And the science of choice architecture or “nudging” is also hitting its straps. It is a stark reality that countries have an average organ donor rate of 98% when it is made the default option. In those countries where you must actively decide to opt-in, donor rates are only 15%. Given this dramatic variance, it is unsurprising that the British Government’s so-called “Ministry of Nudges” proposes a similar tack for obesity. Their Behavioural Insights team notes that something as mundane as redesigning a shopping trolley with a section labelled for fruit and vegetables can bump up sales of those foods. And in Iceland simply rebranding fruit and vegetables as “sports candy” increased consumption by 22%.

But our psychological tendency to blame remains a major obstacle to considering and addressing these other causes. As Malle and colleagues point out in a recent article in Psychological Inquiry we are a blaming species. Blame is driven by emotions that sense “norm violations” in order to regulate that aberrant behaviour. On this theory fat people represent something of a threat to social order, perhaps in view of the costs associated with dealing with obesity. The Food industry is only too keen to tap into this propensity for vilification. Thinly disguised front groups such as Americans Against Food Taxes rail against regulation under the mantra of rejecting the nanny state. Lobbing responsibility for obesity back at the fat sits well with their goals. How, then, did medicine overcome this blaming culture in its quest to limit medical errors?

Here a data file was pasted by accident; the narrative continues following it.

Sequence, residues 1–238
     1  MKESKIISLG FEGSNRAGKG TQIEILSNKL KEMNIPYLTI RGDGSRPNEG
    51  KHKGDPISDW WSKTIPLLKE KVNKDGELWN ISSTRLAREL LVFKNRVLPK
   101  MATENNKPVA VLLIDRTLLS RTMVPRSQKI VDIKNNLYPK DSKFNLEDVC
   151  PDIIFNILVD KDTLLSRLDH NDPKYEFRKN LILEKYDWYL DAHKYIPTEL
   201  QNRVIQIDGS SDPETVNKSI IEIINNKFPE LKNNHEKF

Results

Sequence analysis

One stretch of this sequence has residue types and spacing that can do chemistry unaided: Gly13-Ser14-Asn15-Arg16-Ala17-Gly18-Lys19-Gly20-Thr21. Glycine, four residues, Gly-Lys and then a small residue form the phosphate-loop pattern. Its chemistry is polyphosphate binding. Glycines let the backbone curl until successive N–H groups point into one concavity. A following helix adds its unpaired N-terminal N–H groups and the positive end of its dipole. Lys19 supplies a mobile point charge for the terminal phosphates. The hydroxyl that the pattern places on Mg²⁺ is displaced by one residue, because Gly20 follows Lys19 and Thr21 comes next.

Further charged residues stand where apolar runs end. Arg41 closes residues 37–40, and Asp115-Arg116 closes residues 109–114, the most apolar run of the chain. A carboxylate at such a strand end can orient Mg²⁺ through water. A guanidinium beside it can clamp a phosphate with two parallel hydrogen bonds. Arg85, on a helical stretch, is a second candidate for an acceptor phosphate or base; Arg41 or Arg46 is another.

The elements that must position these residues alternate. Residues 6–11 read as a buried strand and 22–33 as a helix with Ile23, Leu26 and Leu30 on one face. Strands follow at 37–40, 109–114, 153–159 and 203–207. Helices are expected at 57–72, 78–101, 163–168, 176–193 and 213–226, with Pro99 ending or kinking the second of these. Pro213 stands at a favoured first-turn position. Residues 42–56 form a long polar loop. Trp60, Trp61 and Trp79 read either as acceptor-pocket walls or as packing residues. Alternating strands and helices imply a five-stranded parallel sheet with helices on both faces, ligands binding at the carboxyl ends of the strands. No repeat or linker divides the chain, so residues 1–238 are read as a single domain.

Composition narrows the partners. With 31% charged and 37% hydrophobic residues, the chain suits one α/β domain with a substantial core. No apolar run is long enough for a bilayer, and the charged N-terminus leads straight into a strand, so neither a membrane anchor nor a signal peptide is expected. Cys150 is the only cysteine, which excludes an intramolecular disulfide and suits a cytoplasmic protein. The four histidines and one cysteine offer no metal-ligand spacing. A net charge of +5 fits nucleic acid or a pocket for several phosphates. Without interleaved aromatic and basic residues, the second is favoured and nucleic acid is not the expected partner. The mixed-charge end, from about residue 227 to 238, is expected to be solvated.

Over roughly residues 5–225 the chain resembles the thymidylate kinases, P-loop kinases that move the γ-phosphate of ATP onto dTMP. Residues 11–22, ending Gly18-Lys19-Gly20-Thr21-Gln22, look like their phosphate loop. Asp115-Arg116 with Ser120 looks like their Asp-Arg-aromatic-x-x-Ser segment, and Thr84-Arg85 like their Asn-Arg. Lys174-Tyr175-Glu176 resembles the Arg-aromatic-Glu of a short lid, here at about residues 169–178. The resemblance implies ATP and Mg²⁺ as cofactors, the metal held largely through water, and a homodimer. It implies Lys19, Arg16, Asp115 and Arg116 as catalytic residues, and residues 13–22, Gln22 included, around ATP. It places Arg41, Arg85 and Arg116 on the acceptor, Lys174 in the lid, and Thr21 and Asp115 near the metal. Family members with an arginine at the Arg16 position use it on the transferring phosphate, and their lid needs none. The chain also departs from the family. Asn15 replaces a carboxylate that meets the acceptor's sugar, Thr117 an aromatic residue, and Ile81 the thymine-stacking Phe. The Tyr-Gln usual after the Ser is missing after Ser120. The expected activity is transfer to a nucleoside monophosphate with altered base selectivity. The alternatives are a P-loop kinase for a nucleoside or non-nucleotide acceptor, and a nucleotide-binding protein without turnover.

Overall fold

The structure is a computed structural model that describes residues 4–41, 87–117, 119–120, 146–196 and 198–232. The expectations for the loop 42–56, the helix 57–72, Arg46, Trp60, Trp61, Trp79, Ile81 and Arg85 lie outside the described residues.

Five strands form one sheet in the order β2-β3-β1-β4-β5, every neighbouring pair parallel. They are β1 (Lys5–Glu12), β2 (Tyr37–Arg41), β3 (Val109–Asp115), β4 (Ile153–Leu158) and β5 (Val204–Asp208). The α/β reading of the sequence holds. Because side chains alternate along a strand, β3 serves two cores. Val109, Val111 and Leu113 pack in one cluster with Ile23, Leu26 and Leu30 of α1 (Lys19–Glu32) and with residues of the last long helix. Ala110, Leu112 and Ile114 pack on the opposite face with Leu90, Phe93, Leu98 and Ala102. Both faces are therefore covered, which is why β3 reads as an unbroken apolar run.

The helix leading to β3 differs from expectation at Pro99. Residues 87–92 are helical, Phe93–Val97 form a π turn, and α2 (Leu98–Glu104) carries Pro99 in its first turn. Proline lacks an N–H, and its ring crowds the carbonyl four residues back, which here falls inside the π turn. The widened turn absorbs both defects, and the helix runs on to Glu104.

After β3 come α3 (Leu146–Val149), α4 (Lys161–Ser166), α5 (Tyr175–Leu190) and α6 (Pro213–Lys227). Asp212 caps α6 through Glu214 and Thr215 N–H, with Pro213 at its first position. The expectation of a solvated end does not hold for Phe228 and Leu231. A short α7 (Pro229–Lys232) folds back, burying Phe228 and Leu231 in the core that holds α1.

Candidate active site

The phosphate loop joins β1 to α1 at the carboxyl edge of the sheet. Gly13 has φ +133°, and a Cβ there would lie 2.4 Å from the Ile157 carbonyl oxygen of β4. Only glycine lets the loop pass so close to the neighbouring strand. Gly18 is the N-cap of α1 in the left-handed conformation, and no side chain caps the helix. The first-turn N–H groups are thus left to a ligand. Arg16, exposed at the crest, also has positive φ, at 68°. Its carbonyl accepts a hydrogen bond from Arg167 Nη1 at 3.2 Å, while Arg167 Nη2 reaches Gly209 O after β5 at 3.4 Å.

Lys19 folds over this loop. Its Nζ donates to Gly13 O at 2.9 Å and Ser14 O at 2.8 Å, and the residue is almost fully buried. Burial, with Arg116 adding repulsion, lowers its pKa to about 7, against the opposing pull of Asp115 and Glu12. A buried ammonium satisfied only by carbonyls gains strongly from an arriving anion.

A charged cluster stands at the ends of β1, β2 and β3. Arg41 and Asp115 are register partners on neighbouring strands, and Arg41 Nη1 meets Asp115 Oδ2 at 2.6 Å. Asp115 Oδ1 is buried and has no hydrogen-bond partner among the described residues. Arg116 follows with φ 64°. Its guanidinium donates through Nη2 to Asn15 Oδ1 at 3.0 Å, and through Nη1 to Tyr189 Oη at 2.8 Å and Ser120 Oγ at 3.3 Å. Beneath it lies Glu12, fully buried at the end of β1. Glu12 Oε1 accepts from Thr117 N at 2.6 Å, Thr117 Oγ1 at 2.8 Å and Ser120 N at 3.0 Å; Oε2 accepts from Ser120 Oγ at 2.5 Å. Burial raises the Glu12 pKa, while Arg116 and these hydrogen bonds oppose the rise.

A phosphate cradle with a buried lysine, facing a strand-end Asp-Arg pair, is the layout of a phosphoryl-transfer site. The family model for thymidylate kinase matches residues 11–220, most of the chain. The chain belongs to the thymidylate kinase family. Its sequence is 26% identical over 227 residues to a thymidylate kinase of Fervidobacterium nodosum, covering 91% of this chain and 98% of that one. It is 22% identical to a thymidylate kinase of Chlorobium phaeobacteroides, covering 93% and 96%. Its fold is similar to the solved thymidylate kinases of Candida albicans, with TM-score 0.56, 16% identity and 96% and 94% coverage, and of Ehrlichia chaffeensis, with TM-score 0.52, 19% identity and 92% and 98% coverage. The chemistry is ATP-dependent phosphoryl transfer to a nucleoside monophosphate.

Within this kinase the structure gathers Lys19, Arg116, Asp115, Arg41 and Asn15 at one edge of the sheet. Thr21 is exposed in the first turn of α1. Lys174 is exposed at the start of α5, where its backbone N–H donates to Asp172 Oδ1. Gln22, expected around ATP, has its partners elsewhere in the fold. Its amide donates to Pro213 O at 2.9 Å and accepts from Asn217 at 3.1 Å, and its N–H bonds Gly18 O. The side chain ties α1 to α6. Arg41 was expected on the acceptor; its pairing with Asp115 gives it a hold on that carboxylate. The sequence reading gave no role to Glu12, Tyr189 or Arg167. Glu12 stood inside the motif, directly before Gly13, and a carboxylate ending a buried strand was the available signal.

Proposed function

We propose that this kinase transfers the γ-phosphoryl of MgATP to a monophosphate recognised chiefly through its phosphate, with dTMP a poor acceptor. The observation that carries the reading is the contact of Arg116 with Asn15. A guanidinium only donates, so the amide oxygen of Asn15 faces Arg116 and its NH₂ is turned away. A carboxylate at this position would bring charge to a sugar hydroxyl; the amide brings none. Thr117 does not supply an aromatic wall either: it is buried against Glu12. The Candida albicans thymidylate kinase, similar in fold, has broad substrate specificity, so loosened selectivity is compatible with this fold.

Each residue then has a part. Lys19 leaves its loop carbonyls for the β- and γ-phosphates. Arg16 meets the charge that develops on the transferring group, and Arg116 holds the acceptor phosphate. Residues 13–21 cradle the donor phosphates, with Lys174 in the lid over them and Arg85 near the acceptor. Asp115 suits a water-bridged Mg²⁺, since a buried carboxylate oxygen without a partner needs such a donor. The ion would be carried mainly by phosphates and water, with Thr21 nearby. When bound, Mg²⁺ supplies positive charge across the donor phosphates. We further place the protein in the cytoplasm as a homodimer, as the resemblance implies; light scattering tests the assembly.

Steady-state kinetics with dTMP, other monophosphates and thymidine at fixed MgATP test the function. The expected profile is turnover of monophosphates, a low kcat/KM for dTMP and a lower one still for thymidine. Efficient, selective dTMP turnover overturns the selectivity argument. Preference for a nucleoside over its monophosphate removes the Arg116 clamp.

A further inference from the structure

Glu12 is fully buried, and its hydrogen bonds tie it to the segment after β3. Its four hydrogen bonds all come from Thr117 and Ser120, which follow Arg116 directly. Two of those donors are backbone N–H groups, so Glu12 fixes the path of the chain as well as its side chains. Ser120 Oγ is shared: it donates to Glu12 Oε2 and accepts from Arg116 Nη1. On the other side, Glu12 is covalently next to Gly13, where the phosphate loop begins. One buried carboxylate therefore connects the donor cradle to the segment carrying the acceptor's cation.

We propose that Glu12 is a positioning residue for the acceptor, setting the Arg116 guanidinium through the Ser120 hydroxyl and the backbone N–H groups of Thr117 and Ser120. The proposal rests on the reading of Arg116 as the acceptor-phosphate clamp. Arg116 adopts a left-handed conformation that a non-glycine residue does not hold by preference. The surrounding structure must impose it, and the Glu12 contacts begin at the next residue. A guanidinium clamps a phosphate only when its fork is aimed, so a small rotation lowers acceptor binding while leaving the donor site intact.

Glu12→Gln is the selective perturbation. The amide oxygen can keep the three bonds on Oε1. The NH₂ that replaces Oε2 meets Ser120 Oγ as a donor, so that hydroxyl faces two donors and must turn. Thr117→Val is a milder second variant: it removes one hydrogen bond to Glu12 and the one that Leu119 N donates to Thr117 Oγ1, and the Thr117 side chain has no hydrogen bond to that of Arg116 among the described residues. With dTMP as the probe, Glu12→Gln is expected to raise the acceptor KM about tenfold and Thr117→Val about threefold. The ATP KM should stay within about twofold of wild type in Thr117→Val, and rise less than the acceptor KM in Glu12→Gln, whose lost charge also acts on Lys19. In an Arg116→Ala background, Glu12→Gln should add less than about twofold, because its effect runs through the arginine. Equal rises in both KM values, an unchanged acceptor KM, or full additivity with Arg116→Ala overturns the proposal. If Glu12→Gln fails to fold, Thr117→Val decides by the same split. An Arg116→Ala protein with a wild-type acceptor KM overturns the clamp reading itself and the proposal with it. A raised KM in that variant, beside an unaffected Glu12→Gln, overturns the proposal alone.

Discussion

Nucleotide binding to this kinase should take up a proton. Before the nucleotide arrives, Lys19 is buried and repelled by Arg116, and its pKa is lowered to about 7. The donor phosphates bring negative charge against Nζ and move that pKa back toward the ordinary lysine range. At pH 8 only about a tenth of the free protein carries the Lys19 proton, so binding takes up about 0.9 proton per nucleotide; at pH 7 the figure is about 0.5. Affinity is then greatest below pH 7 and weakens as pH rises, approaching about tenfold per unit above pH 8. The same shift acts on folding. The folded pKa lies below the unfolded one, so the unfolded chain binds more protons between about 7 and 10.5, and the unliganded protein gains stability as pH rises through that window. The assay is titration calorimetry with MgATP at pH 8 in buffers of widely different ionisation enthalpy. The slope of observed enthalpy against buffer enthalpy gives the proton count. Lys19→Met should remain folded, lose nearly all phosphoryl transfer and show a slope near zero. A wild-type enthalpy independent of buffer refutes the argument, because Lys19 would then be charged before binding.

In short, it took a pragmatic leaf from the Japanese car industry copy book. A fundamental of the Toyota Production System is the maxim “start from need”[1]. This philosophy jettisons finger pointing in favour of actions that solve the problem. Toyota couples this with the notion of “Kaizen” or “continuous improvement”which charges workers with mending flawed processes by speaking out and experimenting. Kaizen means that anyone can press the stop button on the production line if something is amiss, without fear of punishment. In “Toyota culture” the norm violators are those who blame individuals instead of exploring causes and solutions.

A key finding of the Institute of Medicine’s 2004 report Keeping Patients Safe[2] was that healthcare leaders must commit to safety if a blaming culture is to yield to a safety culture. It follows intuitively that if Kaizen, or something like it, is to help stem the tide of obesity, the same commitment to harm reduction must be demonstrated by political leaders. Yet many governments languish in an inertia born of pressure from the well funded food lobby and fear of backlash in the face of unpopular food taxes. But as the cost of obesity, recently estimated at US$190 billion annually in the United States, begins to erode government coffers, the imperative to “start from need” is likely to become more pressing. Perhaps then the strategy to “start from blame” will finally be banished to the annals of history where it belongs.


  1. Graban M. Lean hospitals : improving quality, patient safety, and employee engagement. 2nd ed. New York: Productivity Press/Taylor & Francis, 2012. P. 1
  2. Institute of Medicine of the National Academies. Keeping patients safe: transforming the work environment of nurses. Washington D.C., 2004. P. 287

This article was originally published on the Doctus Project